Based purely on its own merits, nobody would remember ‘Yummy’ at all. Justin Bieber’s ill-fated comeback single is entirely forgettable. By Bieber’s standards it’s only mid-table but by the standards of common decency it has to be one of the most barrel-scraping, pointless, barely-even-there singles of the year. We aren’t here to discuss the song itself, but the controversy surrounding it, and Bieber’s desperation to make the song a hit whatever the means.
‘Yummy’ was announced as the lead single from the forthcoming album Changes on December 24th 2019. It may have been a turkey, but it seems everyone but Bieber (or perhaps his PR team) knew it. They rolled out an aggressive marketing campaign that’d make ‘For Your Consideration‘ preppers blush.
The next step was entering the new frontier – TikTok, which for the Grandpas amongst you is a lipsyncing app. If you’ve heard a song on the radio in the last few years and thought to yourself “What the fuck is that shit?” then it probably came from TikTok.
The app has proven a great way to connect with a young fanbase. And if your song gets used in a dance challenge or as part of a meme format, you’re gold. If ‘Yummy’ could go viral here, then that could clinch the #1 spot.
Bieber took to the app imploring his audience to lipsync along to the song. They did. It was embarrassing for all.
However this was just the start. Youtube streams now count towards Billboard placements (they don’t affect charts in the UK) so Bieber flooded the platform with no fewer than five promotional videos (“Animated Version”, “x drew house”, Animated Version”, “Beliebers React”, “Fan Lip Sync”, “Food Fight” and “TikTok Compilation Video”) along with the official music video. Then, the official videogame companion to ‘Yummy’ was announced.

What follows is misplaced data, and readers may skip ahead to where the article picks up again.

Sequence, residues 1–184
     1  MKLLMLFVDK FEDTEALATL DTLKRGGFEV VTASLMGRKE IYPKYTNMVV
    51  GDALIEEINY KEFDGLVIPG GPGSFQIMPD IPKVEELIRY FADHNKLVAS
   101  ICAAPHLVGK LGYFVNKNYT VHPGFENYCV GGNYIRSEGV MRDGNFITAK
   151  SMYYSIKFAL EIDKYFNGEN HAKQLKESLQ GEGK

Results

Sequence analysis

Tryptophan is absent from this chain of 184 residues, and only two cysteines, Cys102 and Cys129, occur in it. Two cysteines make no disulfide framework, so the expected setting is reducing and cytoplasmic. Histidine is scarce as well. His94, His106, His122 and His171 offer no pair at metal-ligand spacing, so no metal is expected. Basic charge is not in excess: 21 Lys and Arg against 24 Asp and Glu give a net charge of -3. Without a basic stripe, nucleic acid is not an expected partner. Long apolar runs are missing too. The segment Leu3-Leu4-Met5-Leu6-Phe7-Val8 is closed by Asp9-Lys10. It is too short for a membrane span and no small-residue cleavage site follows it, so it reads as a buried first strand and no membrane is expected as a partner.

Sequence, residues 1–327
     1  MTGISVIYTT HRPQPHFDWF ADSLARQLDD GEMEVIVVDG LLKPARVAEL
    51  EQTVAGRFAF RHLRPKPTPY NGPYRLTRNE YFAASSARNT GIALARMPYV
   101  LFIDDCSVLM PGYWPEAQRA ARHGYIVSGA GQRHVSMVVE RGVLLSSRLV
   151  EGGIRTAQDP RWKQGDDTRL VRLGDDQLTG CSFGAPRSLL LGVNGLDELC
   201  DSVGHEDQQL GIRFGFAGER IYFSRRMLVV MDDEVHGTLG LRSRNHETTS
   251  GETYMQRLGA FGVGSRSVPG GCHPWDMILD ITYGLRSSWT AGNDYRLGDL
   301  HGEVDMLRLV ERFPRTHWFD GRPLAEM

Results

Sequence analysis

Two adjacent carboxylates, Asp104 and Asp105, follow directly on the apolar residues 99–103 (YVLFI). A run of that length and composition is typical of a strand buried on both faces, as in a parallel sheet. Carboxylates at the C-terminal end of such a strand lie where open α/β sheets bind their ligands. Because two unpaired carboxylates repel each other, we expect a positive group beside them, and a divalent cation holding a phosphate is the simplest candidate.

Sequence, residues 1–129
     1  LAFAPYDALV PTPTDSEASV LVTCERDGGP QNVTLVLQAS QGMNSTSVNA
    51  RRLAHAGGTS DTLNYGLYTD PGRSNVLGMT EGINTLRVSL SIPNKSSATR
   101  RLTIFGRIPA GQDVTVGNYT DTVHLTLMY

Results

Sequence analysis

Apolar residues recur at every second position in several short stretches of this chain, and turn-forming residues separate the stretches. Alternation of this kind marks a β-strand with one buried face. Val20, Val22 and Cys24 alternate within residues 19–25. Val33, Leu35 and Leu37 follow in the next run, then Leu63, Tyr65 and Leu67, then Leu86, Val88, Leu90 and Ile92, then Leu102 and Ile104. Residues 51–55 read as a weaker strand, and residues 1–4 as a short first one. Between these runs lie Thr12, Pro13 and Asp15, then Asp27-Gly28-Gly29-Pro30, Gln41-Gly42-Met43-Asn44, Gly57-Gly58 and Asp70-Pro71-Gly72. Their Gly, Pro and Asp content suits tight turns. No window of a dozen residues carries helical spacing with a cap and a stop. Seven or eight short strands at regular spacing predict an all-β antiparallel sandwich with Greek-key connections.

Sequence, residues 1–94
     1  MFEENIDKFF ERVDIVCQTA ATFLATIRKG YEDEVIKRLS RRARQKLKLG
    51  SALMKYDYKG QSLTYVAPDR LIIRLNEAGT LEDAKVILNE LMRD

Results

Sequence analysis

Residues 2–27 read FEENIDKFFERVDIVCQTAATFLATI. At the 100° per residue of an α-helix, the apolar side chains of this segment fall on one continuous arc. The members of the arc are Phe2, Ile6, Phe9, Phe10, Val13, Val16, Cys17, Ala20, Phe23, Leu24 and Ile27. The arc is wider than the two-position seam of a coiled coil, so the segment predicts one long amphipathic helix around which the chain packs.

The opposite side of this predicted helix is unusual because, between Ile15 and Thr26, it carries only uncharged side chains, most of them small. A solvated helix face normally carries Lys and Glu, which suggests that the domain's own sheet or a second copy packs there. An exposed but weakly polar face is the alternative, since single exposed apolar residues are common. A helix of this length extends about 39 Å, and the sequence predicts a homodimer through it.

This has all been – more or less – above board promo stuff. But here’s where we get into the weird dark arts shit. On 10th January Bieber shared some fan-made graphics explaining how fans could manipulate streaming platforms to inflate the figures.
The posts shared by the official Justin Bieber Instagram account encouraged fans to create a playlist, add ‘Yummy’, and play it on repeat on a low volume while they slept. This is a practice known as stream farming. In addition, the post suggested fans should download a VPN – allowing streams from outside the US to count towards Bieber’s Billboard placement.
And by this point the desperation was coming off Bieber in visible stank waves. So Bieber took to Twitter, in a last ditch effort, beseeching Beliebers to purchase the song on iTunes – as if we’re in a time warp to 2009.
It’s hard not to feel sympathy for someone willing to make such a public, pathetic bid for validation. Did it work? No. ‘Yummy’ charted at No.2 on the 18th January, dropping to No.10 the week after and quickly vanished from the chart altogether. He was pipped to the post by Roddy Ricch; ironically, largely due to his popularity on TikTok.
What did the ‘Yummy’ debacle prove? That a viral hit can’t be forced. That mobilising a pop empire can’t guarantee you No.1. It symbolised the sound of yesteryear being replaced by the authenticity of something new. However the incident also raised serious questions about fandom, stream farming and listener coercion. What Bieber and his team did may have been legal, but it was hardly moral.
If ‘Yummy’ has given us anything, it has started a debate on where to draw the line on fan interaction versus fan manipulation. Encouraging someone to stream your song is very different from encouraging them to cheat the system for you. Bieber’s hubris was a timely reminder that you can’t force hype.